From NASA’s Jet Propulsion Laboratory website
The National Aeronautics and Space Administration (NASA) posted a water temperature graphic of what La Niña’s Pacific Ocean origin looks like this year.
Click on the link below.
Alan Buis, NASA Sees Repeating La Niña Hitting its Peak, Jet Propulsion Laboratory – California Institute of Technology (18 January 2012)
Sea surface heights as an indicator of water temperatures
The NASA graphic compiled ten days of January 2012 satellite-derived Pacific sea surface heights.
Water temperature correlates with sea surface height. Warmer water is higher. Colder water lower.
How altimetric satellites work
An excellent explanation of sea surface height measuring, with diagrams, is at:
University Corporation for Atmospheric Research, Jason 2: Using Satellite Altimetry to Monitor the Ocean, European Organisation for the Exploitation of Meteorological Satellites (2009) (scroll down to the section entitled, “The basics of satellite altimetry”)
This forecast is not good for the American southwest
“Conditions are ripe for a stormy, wet winter in the Pacific Northwest and a dry, relatively rainless winter in Southern California, the Southwest and the southern tier of the United States,” says climatologist Bill Patzert of JPL.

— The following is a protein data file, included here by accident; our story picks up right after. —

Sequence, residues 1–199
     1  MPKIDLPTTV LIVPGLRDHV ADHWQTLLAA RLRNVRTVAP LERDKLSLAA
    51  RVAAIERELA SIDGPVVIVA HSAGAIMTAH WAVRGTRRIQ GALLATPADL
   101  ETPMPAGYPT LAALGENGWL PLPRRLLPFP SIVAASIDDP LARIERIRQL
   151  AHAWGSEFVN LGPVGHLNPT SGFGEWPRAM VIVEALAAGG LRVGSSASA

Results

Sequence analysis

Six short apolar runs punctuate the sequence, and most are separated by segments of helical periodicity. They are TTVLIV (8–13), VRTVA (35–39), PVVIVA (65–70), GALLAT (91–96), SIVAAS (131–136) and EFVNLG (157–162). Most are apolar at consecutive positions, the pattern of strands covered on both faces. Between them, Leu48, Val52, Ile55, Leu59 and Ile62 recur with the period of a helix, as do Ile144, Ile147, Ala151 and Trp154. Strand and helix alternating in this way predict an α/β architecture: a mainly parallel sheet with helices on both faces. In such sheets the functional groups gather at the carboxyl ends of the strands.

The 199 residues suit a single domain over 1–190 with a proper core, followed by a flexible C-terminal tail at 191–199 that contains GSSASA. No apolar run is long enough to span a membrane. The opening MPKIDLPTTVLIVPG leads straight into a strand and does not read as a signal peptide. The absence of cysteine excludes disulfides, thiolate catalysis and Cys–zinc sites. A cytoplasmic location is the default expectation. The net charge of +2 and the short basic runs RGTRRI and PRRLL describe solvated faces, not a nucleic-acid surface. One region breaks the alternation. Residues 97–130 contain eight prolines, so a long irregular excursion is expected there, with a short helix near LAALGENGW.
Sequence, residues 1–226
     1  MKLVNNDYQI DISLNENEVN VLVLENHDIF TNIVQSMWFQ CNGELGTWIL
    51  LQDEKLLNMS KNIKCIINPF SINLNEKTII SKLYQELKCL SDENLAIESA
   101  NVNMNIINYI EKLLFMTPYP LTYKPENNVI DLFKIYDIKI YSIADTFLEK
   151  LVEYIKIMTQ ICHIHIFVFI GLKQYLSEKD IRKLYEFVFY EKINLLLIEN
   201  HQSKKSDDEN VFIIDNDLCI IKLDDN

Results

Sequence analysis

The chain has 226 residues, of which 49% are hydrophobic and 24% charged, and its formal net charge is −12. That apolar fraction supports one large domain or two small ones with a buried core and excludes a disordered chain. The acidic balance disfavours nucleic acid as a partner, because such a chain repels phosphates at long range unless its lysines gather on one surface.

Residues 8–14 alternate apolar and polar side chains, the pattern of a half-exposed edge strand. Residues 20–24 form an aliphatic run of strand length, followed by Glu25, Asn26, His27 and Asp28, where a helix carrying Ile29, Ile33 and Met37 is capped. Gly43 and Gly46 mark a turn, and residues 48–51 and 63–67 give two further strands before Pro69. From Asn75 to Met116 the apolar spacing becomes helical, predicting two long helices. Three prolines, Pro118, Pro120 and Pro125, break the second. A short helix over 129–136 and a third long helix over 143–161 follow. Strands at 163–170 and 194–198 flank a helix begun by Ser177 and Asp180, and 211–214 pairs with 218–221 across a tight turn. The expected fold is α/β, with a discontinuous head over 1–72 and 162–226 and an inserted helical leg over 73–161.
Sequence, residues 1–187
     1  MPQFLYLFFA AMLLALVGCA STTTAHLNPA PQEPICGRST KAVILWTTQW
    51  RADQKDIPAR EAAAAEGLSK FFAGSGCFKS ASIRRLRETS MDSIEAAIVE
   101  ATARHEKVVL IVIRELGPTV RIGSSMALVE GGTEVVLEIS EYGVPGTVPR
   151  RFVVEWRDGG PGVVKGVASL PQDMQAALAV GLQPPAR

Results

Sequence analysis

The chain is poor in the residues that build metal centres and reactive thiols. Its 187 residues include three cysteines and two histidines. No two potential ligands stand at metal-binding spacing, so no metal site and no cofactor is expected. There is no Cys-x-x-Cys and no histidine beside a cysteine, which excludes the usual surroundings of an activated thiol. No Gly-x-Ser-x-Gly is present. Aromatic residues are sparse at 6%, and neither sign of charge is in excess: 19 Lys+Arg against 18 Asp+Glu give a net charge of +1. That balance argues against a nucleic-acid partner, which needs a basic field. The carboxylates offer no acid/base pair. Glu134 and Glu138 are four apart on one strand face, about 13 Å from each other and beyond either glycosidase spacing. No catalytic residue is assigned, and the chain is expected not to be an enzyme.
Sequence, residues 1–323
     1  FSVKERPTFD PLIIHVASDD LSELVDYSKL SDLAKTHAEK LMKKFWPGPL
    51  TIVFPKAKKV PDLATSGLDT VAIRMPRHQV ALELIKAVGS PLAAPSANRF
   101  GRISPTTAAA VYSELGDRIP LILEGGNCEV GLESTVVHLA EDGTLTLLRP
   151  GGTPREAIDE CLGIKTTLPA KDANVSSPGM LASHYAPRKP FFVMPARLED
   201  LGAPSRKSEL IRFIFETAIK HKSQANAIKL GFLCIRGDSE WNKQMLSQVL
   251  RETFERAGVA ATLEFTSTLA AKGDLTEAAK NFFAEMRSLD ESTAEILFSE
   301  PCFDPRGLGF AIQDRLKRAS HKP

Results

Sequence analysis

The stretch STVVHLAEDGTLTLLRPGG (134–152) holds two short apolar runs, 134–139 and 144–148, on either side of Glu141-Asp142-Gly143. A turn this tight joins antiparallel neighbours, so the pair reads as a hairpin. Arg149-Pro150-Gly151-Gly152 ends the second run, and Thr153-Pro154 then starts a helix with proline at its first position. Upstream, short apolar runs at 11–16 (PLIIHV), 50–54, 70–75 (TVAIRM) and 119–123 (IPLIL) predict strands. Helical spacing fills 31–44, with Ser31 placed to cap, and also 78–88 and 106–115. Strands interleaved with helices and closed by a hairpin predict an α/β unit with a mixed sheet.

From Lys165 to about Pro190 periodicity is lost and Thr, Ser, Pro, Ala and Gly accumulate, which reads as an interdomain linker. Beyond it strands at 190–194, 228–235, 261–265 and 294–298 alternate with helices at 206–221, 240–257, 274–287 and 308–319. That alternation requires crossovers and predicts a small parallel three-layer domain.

“After more than a decade of mostly dry years on the Colorado River watershed and in the American Southwest, and only two normal rain years in the past six years in Southern California, low water supplies are lurking.
This La Niña could deepen the drought in the already parched Southwest and could also worsen conditions that have fueled recent deadly wildfires.”
© 2012 Alan Buis, NASA Sees Repeating La Niña Hitting its Peak, Jet Propulsion Laboratory – California Institute of Technology (18 January 2012)
UCAR and EUMETSAT website are worth browsing
You can read more about the University Corporation for Atmospheric Research at UCAR.
And learn more about the European Organisation for the Exploitation of Meteorological Satellites at EUMETSAT.